Saturday, June 13, 2009

Must Culture Have Momentum?

Peter Aspden of the Financial Times recently wrote an article titled "Of Classicists and Carbuncles", about the Prince of Wales' ongoing crusade against modern architecture. I see little need to write about the topic; others have done so. But what interested me was a particular passage in Aspden's article. He writes:

Can we really not move forward? This is the element of modernism that the prince most misunderstands. Culture must have momentum. It has to look ahead. That is its point. By definition, culture acts as a commentary on its own time, but occasionally it has to look beyond it, to anticipate what is to come.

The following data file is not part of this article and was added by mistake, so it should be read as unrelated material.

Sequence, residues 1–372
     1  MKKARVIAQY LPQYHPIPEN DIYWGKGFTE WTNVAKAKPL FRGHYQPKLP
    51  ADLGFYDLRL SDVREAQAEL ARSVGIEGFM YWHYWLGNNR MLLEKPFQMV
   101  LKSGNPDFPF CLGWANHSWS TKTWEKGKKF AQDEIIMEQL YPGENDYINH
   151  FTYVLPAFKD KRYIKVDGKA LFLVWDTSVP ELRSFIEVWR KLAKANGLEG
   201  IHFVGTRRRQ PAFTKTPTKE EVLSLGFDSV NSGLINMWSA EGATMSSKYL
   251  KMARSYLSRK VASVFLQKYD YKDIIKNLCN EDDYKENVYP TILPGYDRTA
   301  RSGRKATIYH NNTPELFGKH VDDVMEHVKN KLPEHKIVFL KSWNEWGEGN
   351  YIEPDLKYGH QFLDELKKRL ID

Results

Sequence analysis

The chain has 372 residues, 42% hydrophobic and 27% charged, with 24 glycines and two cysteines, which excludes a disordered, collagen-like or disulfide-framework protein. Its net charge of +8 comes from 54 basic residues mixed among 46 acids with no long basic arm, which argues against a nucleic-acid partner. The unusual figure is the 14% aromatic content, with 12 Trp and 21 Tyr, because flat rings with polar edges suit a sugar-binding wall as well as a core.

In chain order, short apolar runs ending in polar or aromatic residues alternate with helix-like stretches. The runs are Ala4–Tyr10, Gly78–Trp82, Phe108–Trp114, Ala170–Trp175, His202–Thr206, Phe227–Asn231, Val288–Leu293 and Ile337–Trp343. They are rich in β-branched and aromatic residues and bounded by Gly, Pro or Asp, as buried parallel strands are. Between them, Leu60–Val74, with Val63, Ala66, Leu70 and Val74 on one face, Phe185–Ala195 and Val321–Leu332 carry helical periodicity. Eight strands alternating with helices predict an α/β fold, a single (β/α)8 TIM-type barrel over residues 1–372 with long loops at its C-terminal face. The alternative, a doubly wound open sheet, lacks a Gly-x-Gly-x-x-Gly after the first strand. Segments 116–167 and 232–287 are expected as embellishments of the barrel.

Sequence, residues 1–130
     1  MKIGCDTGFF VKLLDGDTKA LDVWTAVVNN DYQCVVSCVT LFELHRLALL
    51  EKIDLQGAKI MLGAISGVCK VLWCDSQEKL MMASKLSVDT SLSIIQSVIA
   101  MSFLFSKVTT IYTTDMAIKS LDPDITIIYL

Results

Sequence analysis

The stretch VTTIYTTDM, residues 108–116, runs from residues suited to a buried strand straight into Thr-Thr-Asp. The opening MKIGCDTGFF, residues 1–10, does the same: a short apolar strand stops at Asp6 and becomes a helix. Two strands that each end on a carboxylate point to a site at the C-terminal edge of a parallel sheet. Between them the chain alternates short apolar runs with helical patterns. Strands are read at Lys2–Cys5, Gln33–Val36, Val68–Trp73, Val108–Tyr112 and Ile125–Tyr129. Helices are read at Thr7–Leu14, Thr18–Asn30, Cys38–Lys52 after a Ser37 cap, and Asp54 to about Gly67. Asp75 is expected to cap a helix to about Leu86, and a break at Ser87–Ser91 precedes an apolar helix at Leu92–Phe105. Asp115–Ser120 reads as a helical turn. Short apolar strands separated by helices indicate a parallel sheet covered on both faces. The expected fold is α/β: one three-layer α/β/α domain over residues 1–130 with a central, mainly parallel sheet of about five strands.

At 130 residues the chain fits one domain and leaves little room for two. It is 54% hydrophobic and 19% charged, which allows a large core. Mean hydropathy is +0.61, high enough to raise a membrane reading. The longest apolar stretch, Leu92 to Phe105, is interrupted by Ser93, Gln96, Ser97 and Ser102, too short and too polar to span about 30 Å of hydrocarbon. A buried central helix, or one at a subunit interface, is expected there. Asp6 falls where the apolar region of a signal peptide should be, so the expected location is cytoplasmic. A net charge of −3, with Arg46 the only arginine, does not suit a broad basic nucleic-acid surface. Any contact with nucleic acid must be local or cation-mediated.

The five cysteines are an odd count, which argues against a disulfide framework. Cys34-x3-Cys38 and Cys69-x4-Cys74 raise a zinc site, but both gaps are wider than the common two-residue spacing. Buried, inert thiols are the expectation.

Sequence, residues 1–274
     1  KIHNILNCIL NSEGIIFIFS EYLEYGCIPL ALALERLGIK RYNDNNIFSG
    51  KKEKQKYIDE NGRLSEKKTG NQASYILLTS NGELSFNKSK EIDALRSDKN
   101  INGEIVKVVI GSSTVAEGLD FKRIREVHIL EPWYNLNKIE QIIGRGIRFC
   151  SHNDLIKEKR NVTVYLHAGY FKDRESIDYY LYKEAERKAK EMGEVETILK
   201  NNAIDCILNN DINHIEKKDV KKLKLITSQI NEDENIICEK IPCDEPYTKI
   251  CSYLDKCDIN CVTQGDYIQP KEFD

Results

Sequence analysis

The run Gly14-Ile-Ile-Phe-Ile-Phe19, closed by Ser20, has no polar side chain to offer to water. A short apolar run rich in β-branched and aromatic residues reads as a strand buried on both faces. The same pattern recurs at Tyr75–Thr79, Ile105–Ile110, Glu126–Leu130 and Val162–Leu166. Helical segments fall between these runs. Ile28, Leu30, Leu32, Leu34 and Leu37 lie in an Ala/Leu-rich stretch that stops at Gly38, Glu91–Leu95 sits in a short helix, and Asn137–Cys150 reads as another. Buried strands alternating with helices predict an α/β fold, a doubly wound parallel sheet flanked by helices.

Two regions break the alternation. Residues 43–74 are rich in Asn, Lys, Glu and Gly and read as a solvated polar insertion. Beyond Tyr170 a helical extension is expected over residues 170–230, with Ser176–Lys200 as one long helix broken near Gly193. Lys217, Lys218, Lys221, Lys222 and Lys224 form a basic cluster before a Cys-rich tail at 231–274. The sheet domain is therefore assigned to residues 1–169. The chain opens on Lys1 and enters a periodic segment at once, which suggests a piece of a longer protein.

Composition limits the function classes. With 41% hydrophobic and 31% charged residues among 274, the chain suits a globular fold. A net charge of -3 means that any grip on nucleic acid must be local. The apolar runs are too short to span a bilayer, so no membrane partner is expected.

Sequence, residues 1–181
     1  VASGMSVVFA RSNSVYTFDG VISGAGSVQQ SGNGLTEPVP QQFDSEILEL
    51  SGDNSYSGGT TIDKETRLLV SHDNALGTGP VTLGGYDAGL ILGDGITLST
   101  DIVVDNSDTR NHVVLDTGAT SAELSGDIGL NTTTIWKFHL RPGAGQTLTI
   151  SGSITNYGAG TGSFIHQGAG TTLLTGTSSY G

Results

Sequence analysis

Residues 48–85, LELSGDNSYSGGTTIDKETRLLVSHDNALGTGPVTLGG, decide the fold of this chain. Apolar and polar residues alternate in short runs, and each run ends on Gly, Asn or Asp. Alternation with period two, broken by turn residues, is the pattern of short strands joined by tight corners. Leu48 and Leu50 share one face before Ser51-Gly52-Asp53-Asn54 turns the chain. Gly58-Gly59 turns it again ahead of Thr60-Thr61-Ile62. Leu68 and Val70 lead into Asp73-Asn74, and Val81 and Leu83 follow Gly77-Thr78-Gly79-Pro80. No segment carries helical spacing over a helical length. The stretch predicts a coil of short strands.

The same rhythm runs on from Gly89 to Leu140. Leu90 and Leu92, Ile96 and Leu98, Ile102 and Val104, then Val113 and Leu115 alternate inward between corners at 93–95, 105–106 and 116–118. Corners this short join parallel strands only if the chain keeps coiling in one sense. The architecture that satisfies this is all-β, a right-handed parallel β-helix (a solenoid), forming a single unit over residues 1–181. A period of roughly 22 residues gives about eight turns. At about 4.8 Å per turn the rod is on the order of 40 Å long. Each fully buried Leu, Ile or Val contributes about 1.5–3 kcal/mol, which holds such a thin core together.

Thus, Aspden is making the argument that culture should be progressive. Not because there is some teleological goal of goodness toward which it must strive, but simply because it needs to be going somewhere.

So I ask of our readers: First, must culture really always be going somewhere? And second, if that is the case, is going "backward" an acceptable option, or is antiquarianism antithetical to the future-oriented movement of culture?
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